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- The Reformer Blog
5 March 2015
Social care is on track for a £7 billion shortfall by 2020, proportionally even greater than the £30 billion funding gap projected for the NHS.
Integrated or co-ordinated care has been the holy grail of health and care for decades and is lauded as the answer. It is absolutely the only way forward, and the Better Care Fund’s spontaneous expansion from the £3.8 billion mandated by Whitehall to over £5 billion attests to genuine local enthusiasm. Indeed, this enthusiasm was one of the key drivers for the Liberal Democrats to set an ambition that by 2018 NHS and care budgets should be fully pooled, with commissioning reflecting local models of joined up care. Public health, social care, primary care, community care, mental health, acute care: all are better done as one co-ordinated, population based commissioning activity.
But integration alone cannot deliver the proverbial “rabbit-out-of-the-hat” and create sustainable systems when both badly need more funding. And it is foolish at best to assume that the watchword, powerful though it is, will of itself deliver an alignment of interests.
As I have been arguing since I chaired the Joint Scrutiny Committee of the draft Care Bill, the promotion of individual wellbeing must become the organising principle around which budgets are pooled, services commissioned and performance measured. Just as the Care Act has made well-being the organising principle of social care, it must also become the touchstone of healthcare in the next government.
And integration of health and care alone will not be enough. It should be possible to also pool housing-related budgets – a critical and often overlooked part of the health and care jigsaw. Last year I was privileged to chair a Commission on Residential Care with Demos and experts from across the sector, and as that work reinforced to me, with an ageing population we cannot afford to leave it too late to recognise the critical importance of housing for older people in local plans.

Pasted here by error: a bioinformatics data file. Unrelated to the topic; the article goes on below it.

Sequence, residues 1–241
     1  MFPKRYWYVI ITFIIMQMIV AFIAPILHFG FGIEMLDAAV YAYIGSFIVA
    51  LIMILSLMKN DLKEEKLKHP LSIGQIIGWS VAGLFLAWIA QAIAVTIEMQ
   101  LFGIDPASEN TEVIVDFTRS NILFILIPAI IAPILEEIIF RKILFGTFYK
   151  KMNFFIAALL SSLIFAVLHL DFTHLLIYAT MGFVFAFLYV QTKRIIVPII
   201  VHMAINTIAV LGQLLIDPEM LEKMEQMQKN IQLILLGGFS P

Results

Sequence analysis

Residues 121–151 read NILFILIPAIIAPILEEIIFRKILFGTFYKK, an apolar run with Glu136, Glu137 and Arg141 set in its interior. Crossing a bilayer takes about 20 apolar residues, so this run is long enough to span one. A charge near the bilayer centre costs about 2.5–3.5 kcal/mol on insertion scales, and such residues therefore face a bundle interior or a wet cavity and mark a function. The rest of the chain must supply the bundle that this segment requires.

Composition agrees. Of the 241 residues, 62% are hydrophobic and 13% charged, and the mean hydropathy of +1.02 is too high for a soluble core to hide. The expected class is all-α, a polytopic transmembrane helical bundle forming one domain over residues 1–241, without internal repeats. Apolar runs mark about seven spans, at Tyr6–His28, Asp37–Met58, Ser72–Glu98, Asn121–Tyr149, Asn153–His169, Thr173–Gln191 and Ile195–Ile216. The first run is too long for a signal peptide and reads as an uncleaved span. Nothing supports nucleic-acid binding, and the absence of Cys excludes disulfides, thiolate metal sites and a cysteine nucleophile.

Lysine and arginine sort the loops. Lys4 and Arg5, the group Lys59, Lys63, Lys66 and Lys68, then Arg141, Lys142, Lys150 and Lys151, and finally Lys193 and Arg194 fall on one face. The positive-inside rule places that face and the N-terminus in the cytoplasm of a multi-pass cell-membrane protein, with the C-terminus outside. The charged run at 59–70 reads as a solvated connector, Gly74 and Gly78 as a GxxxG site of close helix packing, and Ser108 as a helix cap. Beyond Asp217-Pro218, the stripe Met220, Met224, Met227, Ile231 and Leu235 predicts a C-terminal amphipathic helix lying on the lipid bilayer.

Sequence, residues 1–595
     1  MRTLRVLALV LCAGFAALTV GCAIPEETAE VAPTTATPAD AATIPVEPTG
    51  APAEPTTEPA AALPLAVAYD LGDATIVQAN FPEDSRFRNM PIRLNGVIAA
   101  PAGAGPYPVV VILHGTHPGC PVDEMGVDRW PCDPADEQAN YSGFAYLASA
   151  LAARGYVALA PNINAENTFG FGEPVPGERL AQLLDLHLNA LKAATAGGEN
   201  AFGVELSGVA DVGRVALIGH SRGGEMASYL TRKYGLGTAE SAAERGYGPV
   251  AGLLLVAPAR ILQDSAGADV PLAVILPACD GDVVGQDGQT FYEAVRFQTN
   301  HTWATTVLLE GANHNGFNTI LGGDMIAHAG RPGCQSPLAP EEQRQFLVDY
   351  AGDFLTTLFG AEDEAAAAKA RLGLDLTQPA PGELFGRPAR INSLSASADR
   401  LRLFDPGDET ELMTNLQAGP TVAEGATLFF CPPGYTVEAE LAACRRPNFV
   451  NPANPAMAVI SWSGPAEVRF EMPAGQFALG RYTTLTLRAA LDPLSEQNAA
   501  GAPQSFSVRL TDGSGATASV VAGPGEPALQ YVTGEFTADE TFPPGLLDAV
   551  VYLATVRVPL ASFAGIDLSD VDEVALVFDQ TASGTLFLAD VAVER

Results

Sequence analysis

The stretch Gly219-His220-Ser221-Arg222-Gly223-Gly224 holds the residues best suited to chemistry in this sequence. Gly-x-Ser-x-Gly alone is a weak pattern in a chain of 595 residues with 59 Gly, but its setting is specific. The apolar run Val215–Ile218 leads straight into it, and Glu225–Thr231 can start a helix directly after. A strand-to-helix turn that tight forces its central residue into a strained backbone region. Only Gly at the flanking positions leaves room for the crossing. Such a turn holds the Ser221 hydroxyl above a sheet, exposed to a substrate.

Getting integration right and delivering the ambition of the Better Care Fund will make better use of resources. But this leaves unanswered the question of how to meet future cost pressures.
In government we have achieved much in social care – we have reformed outdated and disparate legislation and established a long-sought-after, but little attended to, solution to the funding of long term care costs. But to isolate social care and its funding from that of the NHS is disingenuous. It will come as a surprise to very few that the social care system has been underfunded for decades and that lack of social care provision inevitably has a knock on impact on the NHS and demand for its services.
In this Parliament we have allocated additional funding to social care but with an ageing population and the dramatic rise in co-morbid long term conditions, demand is at risk of further outpacing provision and will increasingly create a threat to the viability of the NHS, even once the £8 billion funding the Liberal Democrats have guaranteed is delivered.
So before the next Spending Review, we will need an independently chaired, non-partisan Fundamental Review of NHS and social care finances to establish the scale of current and projected demand, and explore how they will be met. And to support this and ensure that due diligence is paid in regard to trends in health status, demographic change, demand for health, care and housing services, and the costs of new health and care technology – as well as new drugs – the Office for Budgetary Responsibility should conduct annual reviews, reporting to Parliament, to ensure Government is able to respond and take suitable steps to adapt resources and provision as required.
Whoever is in power in the next Parliament will not be able to muddle through. Getting to the election after next without a crisis is inconceivable without a new settlement. Business as usual in social care can only lead to crisis.
Rt Hon Paul Burstow MP, former Care Services Minister
 Demos, The Commission on Residential Care, 2014